Exploring the Pathways: The Acrostic Path

Individuals using Soul Connection have an opportunity to take an assessment. The assessment offers suggestions on preferred Pathways for connecting with God (categories such as: Service, Studious, Worship, & more). Based on the assessment, a Path is recommended to the individual. The Path presents an opportunity for communion with God, taking into account how that individual best recognizes God in the world. Recently, Dana explored a suggested Path for connecting with God. Read his experience:

The Contemplative Pathway

For the Soul Connection app, I recently completed the Acrostic Path in the Contemplative Pathway. This Pathway was designed to encourage opportunities for God to converse with me by allowing me to focus on God internally, and allowing me to use images or metaphors to focus my attention on God’s communication with me.

In this path, my focus was directed to the frequency of acrostic psalms that appear in Scripture. Such an acrostic is found in Psalm 111: each “line” in the psalm begins with a successive letter of the Hebrew alphabet. The path offered the opportunity for me to develop a prayer to God based on an acrostic of my alphabet.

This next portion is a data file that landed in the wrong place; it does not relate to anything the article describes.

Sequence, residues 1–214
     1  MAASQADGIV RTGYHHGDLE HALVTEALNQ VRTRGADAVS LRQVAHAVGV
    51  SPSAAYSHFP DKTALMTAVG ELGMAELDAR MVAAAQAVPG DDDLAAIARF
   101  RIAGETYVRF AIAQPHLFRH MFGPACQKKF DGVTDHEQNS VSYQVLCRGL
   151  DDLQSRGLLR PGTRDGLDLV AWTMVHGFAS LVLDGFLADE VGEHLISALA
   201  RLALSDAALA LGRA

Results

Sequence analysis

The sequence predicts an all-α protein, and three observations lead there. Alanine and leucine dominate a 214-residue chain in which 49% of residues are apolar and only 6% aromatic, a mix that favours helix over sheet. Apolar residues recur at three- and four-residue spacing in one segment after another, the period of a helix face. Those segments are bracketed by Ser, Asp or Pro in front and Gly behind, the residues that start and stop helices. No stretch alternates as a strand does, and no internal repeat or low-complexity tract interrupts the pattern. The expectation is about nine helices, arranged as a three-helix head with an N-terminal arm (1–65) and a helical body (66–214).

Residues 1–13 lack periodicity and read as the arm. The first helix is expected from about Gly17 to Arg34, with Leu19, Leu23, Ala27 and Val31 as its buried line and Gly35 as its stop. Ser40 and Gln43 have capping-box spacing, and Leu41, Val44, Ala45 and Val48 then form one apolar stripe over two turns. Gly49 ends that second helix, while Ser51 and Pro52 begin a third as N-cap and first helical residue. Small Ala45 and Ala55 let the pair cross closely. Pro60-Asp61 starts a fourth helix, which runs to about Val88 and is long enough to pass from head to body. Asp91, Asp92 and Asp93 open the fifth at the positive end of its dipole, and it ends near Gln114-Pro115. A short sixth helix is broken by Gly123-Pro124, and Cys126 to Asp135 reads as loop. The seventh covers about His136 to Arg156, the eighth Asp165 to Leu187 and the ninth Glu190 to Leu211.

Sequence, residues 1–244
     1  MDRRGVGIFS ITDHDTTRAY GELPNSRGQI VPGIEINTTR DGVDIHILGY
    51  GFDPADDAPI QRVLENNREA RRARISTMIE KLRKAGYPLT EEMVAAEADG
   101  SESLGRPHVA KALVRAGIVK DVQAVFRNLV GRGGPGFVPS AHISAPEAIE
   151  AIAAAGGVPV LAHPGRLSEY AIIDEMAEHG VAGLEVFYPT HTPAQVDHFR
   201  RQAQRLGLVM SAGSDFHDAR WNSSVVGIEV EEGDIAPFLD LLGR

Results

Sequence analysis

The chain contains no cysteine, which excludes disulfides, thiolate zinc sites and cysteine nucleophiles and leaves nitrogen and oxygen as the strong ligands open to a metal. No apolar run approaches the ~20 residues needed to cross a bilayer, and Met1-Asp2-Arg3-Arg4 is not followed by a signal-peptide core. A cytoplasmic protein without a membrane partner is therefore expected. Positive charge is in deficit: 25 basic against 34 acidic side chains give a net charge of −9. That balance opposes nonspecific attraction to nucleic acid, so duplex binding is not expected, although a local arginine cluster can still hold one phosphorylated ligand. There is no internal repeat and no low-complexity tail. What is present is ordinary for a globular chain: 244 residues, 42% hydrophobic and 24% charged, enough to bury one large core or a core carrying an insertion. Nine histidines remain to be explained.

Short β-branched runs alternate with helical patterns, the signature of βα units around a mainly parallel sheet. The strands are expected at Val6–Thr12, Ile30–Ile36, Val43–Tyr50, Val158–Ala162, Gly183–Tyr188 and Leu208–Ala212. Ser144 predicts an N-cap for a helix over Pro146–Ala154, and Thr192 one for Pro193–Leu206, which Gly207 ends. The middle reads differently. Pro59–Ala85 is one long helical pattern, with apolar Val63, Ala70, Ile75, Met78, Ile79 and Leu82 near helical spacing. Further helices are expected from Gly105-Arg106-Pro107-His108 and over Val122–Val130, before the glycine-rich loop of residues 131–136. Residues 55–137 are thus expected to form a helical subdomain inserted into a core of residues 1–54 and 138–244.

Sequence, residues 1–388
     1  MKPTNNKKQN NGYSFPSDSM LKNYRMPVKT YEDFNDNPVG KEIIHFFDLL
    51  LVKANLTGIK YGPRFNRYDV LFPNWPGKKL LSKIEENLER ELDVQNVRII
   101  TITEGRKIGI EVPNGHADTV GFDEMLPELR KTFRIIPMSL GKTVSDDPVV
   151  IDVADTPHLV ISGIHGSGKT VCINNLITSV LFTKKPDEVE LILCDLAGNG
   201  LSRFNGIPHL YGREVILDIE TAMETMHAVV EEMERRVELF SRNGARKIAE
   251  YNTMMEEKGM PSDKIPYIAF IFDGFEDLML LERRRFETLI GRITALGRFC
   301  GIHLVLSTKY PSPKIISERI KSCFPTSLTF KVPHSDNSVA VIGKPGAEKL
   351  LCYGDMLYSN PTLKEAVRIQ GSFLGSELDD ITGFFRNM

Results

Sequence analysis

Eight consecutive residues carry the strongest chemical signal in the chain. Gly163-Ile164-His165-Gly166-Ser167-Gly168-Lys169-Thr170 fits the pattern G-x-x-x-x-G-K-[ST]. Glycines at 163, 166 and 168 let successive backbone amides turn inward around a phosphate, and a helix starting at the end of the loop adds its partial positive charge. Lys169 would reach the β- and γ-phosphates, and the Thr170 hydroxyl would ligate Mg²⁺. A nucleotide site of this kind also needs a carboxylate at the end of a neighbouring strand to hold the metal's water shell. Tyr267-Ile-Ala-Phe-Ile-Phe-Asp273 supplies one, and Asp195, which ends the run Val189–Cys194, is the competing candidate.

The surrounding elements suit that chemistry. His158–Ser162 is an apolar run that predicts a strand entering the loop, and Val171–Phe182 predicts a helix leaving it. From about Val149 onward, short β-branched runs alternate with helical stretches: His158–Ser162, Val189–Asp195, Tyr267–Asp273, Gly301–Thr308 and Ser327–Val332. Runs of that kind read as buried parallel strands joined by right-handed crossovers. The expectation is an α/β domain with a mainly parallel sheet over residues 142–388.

I found this exercise to focus my attention on hearing God. Psalm 111 contains praise of the LORD for His works in the life of the writer. I was inspired to express my own praise to God through the exercise of writing an acrostic. By listening to the conversation God desired to have with me, I was able to compose a “psalm,” of sorts, using the English alphabet for each new line. Over the course of the day, I completed the exercise through the letter “s” in the alphabet.

As I wrote, listening for the voice of God, I found myself drawn to “shepherd” imagery. The outcome of this imagery was a “psalm” that has themes familiar from Psalm 23, and other passages of Scripture that employ shepherd imagery. I was comforted as God revealed shepherd imagery to my mind, recognizing His continued provision for me, even when circumstances and surrounds appear dark and daunting (think: “the valley of the shadow of death”).

The opportunity to focus on God through the imagery of acrostic psalms was a helpful tool in creating space for me to commune with God.


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